Hearthstone logo

The Hearthstone Sage Continues!

If you read my previous inaugural piece about Blizzard opening Hearthstone to the general public, at least in beta form, you’ll no doubt have picked up on my excitement. As such you can imagine my reaction when roughly 3 minutes after the article published the beta opened for me and I finally got to jump into the card battling game for myself.

I wasn’t disappointed.

Opening with a fairly short series of practice bouts that explain the games systems in an intuitive and surprisingly charming way was an important first step to the game. During these tutorial fights you have to use the Mage class, which although it means nothing at the games outset is a pretty fair opener once you’ve battled the other 8 classes. I know that once the tutorial was done and I’d won all but one battle, my one loss being due to carelessness I won’t soon forget, I instantly went to the practice mode to play more full battles against each of the 8 classes to assess each one’s strengths and weaknesses and choose one or two who were for me.

Ultimately the Mage was one of these classes as she seems to me at least to be a middle of the road class without particular weaknesses or strengths and an ability that’s mildly useful in any situation. This is countered by some of the other classes who’s abilities are more useful in a very particular situation or when paired with a particular card set or style of play. Some classes are based entirely in shock and awe damage dealing, others are annoyingly defensive and some are healers. Each class’s ability is instantly recognisable after a while and their cards are easy to learn in terms of threat and usability.

Speaking of cards and deck building, this isn’t something I’ve gotten into quite yet purely out of inexperience. Despite having played quite a few practice games with my Mage class and a few with others to get a feel for them I’m still not sure what exactly my playstyle will be. Each time I log in to the game there are new challenges awaiting that award in game currency that can be used to buy a card pack full of random cards that can be class specific or for the use of any character, this currency can also be gained from winning pvp battles and likely through the use of the arena mode I haven’t touched yet. The cards are laid out in a fairly easy to grasp way based on class which make character comparison easier once you have a grasp of each character’s innate ability, which should make my inevitable foray into deck building easier for a card battling game virgin such as myself.

While I’ve talked about bits and pieces of the games that I’ve picked up from my play time what I haven’t explained is how exactly the game works. Basically a coin is flipped so one character goes first, this character starts with 3 cards while the enemy starts with 4 plus a bonus card which grants a temporary 1 bonus mana which lasts one turn. Mana crystals are what allows you to use cards, you begin with one and get one more each turn to a maximum of 10. These crystals fully refill each turn.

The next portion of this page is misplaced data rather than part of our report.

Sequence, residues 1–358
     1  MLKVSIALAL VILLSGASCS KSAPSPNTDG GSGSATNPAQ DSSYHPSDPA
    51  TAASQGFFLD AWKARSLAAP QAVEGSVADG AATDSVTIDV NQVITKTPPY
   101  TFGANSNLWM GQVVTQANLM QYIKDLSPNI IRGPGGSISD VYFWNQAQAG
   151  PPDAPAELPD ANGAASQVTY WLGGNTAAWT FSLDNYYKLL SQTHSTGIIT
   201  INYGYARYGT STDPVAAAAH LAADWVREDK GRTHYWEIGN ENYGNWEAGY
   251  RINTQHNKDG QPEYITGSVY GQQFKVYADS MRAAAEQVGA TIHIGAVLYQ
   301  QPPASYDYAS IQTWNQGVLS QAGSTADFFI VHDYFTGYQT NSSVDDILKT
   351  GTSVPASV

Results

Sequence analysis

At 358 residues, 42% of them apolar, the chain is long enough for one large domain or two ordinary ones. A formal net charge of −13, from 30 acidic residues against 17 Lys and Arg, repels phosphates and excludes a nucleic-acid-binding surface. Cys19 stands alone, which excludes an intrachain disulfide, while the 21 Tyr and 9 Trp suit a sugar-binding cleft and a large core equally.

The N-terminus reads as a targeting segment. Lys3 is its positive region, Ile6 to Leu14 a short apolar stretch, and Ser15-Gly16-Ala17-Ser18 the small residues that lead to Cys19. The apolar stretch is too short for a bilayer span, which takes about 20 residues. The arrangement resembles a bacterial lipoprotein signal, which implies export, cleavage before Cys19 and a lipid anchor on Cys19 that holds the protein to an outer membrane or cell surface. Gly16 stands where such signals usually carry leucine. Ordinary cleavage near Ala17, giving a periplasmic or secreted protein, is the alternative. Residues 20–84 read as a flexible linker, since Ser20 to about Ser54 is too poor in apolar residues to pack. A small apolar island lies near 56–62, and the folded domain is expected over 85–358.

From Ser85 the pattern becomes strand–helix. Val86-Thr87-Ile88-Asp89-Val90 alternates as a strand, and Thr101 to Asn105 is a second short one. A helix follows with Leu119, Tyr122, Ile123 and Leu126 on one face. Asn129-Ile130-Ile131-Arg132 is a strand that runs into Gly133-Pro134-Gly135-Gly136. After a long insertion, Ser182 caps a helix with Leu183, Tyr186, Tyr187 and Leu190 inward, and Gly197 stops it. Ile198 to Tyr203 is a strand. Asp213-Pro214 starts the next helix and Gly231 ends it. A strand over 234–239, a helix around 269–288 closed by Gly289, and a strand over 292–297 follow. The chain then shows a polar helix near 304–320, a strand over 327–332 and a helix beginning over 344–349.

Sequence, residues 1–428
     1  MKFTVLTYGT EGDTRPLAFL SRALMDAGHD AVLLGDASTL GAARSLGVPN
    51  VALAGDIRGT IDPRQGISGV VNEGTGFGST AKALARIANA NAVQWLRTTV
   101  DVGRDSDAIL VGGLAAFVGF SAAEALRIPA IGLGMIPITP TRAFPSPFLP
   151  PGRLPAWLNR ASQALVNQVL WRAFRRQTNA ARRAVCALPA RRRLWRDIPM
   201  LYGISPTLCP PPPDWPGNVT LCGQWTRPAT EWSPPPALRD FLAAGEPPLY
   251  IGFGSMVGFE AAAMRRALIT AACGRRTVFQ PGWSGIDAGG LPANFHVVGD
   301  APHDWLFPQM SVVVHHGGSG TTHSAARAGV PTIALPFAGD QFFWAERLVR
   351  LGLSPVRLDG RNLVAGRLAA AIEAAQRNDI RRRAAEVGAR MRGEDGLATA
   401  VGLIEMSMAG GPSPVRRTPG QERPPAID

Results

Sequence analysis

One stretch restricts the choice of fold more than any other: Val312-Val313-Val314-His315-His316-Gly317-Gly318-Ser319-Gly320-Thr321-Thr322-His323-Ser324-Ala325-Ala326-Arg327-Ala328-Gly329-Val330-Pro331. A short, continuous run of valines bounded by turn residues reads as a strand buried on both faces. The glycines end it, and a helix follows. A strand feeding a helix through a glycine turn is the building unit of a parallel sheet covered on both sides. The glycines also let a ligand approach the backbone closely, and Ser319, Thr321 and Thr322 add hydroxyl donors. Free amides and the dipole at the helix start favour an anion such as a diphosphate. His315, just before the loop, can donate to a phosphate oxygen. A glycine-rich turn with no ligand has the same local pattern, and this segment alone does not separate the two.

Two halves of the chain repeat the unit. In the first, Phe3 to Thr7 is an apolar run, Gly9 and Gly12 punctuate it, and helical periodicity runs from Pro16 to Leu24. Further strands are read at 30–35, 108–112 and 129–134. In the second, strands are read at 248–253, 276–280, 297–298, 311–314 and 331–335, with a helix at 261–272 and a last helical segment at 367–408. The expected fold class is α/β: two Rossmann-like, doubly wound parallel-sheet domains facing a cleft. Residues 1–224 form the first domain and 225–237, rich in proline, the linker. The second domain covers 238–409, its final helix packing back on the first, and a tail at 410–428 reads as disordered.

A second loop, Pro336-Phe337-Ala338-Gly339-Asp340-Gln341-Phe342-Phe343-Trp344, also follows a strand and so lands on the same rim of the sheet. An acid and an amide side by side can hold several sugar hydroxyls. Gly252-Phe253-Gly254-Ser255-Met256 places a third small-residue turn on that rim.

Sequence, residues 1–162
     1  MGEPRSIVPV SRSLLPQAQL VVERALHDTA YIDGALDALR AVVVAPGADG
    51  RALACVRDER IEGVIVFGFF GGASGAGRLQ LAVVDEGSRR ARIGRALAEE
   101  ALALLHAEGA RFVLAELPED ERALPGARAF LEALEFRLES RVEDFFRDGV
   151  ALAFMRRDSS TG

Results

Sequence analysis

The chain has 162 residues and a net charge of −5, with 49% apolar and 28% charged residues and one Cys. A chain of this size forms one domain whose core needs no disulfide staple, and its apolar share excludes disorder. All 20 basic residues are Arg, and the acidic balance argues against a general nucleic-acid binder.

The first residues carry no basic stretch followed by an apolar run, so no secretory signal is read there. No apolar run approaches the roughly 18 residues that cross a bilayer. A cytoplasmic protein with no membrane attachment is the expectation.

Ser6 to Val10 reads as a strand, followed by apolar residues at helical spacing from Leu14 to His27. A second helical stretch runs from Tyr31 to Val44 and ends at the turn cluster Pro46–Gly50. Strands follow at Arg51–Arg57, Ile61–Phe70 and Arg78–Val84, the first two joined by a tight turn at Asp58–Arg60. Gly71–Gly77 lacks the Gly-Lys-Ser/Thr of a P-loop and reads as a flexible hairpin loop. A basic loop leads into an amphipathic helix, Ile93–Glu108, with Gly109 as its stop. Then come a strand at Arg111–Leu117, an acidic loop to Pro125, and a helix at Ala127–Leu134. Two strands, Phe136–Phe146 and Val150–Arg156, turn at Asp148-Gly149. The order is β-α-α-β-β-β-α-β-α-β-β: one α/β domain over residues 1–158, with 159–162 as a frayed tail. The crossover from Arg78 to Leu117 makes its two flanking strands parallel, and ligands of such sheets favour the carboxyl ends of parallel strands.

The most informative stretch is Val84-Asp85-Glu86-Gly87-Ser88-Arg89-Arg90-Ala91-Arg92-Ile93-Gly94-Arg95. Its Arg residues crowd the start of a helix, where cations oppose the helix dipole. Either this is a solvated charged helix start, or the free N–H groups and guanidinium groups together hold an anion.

Obviously this slow increase in mana means that stronger cards take a long time to play and as such a deck of lower cost cards can be more beneficial than one full of seemingly stronger ones. Each class has certain specific cards that play to its strengths, for instance the Priest is all about healing. As such some of his minions gain bonus attack when they’re healed, each minion having an attack and health stat. The opponent can be attacked by any of your minions who’re free to act that turn and their attack stat subtracts from the enemy champion’s 30 base health. Similarly if your minion attacks an enemy minion the attack stat of your minion subtracts from the enemies health stat and vice versa. As such if your minion has a high attack but low health then even a low mana minion could take them out. You win when your enemy champion’s health is wiped out and lose if your own health is depleted.

Minions can have special abilities such as Taunt, meaning this minion has to be attacked before any other minion or the enemy champion or Rush which means they can attack on the turn they’re summoned. The terms the game uses are fairly basic and easy to grasp, pretty quickly you’ll be using all of the games lexicon.


This is starting to make sense now..

This is starting to make sense now..

I hope this all makes sense because it didn’t take too long to adapt to the games battle system and the tutorial likely does a much better job of explaining the rules than I ever could. What I can tell you about though is the charm that surrounds these systems. For instance the battle area you play cards on is strangely interactive and shows a level of attention to detail that is unnecessary but appreciated. If you start to play try clicking on the towers, fields, bushes or any other number of decorations that surround you or your opponent’s champion and see what happens.

While I’m not quite as far into the game as I’d have liked to be at this point I find myself playing a quick game or two anytime I have a chance. The games can be pretty quick and a good win is a great feeling, a loss can often be understandable and not as angering as I’ve experienced in some games, I’m looking at you League of Legends.

Tune in next time for the inevitable anger when I start really playing the PVP and lose continuously!

21 year old Government student studying in Ireland. Regular tweeter @aerach71 about games, horror movies, love and life. Also my life loving games and horror movies.


Share this article!